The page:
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“The Tuna Hatchery Is Overflowing And We Haven’t Got Enough Pens”

Clean Seas Tuna plans to put Arno Bay on the map internationally, provided they get the support they want.

This follows the announcement last week that the company has successfully produced the world’s first on shore-bred swimming and eating southern bluefin tuna.
“This is a world first, it is mind blowing and we are over the moon,” said company director Hagen Stehr on Tuesday.

“The hatchery is overflowing and we haven’t got enough pens… this means a new ball game in the world of tuna.”

And this new ball game could be played out in our very own Arno Bay, potentially making the seaside town an international player in the seafood industry and at the same time creating new jobs and stimulating local economy.

“This could mean many things… it has the potential to be enormous for Arno Bay,” Mr. Stehr said.

The breakthrough could see facilities at Arno Bay grow tenfold as Clean Seas Tuna prepares to keep up with demand.

“We are looking at many things,” said Mr. Stehr, “like is Arno Bay actually the right place for us?

“There would need to be more housing and more labor (at Arno Bay), we need to attract the right workers to Arno Bay, people who actually want to make a career out of it and stay here in the district,” he said.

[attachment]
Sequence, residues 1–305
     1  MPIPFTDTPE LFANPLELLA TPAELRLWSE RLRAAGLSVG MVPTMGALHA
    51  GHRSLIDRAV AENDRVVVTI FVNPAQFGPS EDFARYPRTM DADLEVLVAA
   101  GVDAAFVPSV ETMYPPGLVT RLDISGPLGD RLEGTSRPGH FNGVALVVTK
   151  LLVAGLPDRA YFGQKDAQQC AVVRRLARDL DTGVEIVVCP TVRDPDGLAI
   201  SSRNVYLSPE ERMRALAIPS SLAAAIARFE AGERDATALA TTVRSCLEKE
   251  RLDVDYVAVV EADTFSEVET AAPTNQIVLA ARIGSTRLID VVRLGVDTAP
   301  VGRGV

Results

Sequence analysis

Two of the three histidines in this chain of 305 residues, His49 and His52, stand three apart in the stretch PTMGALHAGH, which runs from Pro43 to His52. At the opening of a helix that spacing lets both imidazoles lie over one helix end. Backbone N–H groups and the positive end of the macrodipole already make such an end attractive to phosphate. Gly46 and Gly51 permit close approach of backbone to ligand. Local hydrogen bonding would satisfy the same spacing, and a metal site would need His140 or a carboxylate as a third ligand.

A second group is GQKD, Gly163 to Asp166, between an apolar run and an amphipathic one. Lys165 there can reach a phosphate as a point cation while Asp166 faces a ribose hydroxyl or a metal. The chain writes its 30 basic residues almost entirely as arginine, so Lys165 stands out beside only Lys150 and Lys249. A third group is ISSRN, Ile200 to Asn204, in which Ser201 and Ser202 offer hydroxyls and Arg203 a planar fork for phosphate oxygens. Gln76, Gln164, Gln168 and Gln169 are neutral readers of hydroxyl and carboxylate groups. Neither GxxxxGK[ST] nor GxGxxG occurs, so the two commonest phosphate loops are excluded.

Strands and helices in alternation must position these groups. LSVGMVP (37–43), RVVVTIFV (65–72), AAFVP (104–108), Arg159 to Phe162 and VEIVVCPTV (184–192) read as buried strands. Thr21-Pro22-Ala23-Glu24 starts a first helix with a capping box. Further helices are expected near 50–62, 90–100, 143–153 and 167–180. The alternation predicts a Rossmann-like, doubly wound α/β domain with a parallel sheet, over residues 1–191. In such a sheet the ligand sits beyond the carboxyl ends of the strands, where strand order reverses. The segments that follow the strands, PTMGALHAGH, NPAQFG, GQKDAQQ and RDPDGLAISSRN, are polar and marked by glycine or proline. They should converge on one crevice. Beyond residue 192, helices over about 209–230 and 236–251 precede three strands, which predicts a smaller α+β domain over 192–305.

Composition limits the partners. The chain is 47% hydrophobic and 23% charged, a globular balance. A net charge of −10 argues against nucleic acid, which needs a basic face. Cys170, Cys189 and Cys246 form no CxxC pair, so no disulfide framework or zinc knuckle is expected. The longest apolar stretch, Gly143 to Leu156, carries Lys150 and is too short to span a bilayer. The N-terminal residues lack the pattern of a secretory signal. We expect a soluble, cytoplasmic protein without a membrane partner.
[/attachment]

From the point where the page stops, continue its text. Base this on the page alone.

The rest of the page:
Mr. Stehr expressed disappointment at the District Council of Cleve and the State Government for not showing much of an interest in his company’s recent revolutionary development.

“I wonder if there’s a commitment from council and the state government? I would have thought council would be the ones to push something like this along?” Mr. Stehr questioned.

“We would welcome the mayor to come and see us,” he added.

Last week the challenge was to keep the newly produced larvae alive, but a week on and Clean Seas Tuna are in their fourteenth day of egg production and their livelihood looks promising.

Mr. Stehr said if all of the larvae and fertilized eggs Clean Seas has in its hatchery now were to grow into saleable tuna, the company would have in its tanks 22 times the number of fish the whole of the Australian southern bluefin tuna industry produces in a year.

Last week Mr. Stehr told the Eyre Peninsula Tribune that even if all this newly produced larvae is lost, the company now knows the triggers that get the tuna to reproduce.